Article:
Shooting in RAW
Shoot in RAW for all your landscape images. RAW is an uncompressed format that saves all of the image data without processing them. Once the optical information is transformed into a JPEG image it is basically flattened with little chance of further processing. Things like retrieving details from shadows, increasing contrast and using warming filters are no longer possible. Every change you attempt on a JPEG image is not without destroying some information in it.
Using the correct White Balance
Never use the auto white balance mode. At the bare minimum, if you are unsure of the right white balance settings, use the preset options in your camera. All cameras (even the ones on smartphones) come with a few basic white balance presets. Set it to cloudy if you are shooting under overcast conditions, set it to daylight if the sun is out. For indoor shooting use the right white balance preset depending on the dominant ambient light source such as tungsten or fluorescent or flash.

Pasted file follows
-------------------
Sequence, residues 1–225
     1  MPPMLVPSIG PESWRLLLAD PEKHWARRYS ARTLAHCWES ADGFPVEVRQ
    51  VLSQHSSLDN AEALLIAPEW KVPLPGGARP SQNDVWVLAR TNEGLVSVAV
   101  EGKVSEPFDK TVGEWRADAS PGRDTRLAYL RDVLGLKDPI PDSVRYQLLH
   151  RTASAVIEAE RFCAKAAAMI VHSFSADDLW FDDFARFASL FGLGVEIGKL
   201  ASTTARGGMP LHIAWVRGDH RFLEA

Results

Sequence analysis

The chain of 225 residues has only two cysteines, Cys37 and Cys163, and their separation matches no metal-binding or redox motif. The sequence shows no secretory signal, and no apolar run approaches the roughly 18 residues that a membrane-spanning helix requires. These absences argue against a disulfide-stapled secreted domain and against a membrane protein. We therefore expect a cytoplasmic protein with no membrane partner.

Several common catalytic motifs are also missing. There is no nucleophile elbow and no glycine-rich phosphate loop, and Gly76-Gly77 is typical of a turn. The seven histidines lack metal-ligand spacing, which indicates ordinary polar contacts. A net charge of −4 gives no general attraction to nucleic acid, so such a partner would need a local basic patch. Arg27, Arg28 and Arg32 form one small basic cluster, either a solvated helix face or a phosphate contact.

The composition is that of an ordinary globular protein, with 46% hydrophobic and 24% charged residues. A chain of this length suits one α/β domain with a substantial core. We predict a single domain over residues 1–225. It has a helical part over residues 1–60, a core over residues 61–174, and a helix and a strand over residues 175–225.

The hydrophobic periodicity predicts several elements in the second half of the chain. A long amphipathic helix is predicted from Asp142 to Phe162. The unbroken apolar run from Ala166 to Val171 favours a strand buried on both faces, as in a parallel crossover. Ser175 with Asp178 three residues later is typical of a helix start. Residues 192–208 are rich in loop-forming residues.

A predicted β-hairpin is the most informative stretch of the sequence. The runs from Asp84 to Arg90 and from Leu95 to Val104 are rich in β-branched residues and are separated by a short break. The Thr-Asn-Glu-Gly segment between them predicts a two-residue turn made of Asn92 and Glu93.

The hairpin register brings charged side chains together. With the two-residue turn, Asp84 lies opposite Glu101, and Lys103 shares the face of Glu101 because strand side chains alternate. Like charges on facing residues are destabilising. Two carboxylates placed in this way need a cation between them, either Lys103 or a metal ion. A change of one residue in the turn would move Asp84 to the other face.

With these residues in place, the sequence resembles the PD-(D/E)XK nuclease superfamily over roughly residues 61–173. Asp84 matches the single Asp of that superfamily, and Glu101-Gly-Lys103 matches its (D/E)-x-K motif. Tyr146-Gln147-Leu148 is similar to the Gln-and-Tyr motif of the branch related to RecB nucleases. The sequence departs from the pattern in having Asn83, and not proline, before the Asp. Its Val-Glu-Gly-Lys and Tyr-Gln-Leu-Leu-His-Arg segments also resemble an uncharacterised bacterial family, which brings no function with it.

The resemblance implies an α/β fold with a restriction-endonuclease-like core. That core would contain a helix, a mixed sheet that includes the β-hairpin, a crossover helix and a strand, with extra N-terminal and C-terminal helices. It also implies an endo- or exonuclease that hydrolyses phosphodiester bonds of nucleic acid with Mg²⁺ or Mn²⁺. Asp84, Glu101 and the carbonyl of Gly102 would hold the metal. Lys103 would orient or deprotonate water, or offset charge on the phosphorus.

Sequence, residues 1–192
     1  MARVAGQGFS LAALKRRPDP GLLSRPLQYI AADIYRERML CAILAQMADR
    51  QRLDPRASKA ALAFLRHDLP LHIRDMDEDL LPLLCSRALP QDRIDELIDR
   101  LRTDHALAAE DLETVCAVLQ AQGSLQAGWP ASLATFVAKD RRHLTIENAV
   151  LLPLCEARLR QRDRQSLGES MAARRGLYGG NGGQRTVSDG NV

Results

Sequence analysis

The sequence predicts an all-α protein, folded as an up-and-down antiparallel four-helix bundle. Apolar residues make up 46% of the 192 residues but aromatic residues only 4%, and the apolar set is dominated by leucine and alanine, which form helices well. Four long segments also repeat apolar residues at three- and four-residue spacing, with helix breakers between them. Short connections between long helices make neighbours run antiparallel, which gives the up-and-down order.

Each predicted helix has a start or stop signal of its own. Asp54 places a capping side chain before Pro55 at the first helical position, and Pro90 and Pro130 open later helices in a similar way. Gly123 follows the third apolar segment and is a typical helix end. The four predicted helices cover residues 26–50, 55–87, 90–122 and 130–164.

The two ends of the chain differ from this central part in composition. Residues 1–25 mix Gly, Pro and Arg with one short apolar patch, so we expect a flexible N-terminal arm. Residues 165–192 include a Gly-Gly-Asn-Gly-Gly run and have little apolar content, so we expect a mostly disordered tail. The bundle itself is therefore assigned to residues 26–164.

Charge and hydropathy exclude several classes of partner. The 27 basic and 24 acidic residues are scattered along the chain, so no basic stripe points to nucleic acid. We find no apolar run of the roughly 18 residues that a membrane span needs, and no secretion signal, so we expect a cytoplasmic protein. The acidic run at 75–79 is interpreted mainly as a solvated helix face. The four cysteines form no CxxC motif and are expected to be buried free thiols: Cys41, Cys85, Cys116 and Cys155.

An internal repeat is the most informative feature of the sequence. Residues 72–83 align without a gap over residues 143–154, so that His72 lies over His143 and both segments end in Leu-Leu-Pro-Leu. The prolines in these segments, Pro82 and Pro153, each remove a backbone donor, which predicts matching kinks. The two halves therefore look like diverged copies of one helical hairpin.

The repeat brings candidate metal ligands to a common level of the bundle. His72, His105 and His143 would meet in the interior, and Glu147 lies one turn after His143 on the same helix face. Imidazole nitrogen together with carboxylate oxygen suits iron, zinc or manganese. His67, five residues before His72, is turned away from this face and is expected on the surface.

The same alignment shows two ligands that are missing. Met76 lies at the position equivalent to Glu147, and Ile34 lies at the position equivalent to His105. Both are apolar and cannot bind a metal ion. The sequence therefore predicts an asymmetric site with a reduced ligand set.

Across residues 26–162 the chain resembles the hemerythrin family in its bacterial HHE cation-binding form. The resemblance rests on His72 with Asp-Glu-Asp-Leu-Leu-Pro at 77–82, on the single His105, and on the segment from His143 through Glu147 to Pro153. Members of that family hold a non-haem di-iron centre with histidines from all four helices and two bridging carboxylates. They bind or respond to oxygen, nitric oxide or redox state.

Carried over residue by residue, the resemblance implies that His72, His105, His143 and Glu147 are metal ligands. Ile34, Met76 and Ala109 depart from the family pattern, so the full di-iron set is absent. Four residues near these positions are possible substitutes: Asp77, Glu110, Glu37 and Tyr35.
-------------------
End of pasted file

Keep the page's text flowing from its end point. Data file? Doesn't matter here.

Using long exposure
Without an iota of doubt long exposures are what makes a majority of landscape images really pop. There is something about the hint motion in a still image that sweeps the viewer of his feet and draws him into the composition. Long exposures are certainly a lot more practical when you use them in combination with smaller f-stops. But for the right effect you will need to make sure that you have the right ND filter to stop some additional quantity of light and pull off such an exposure.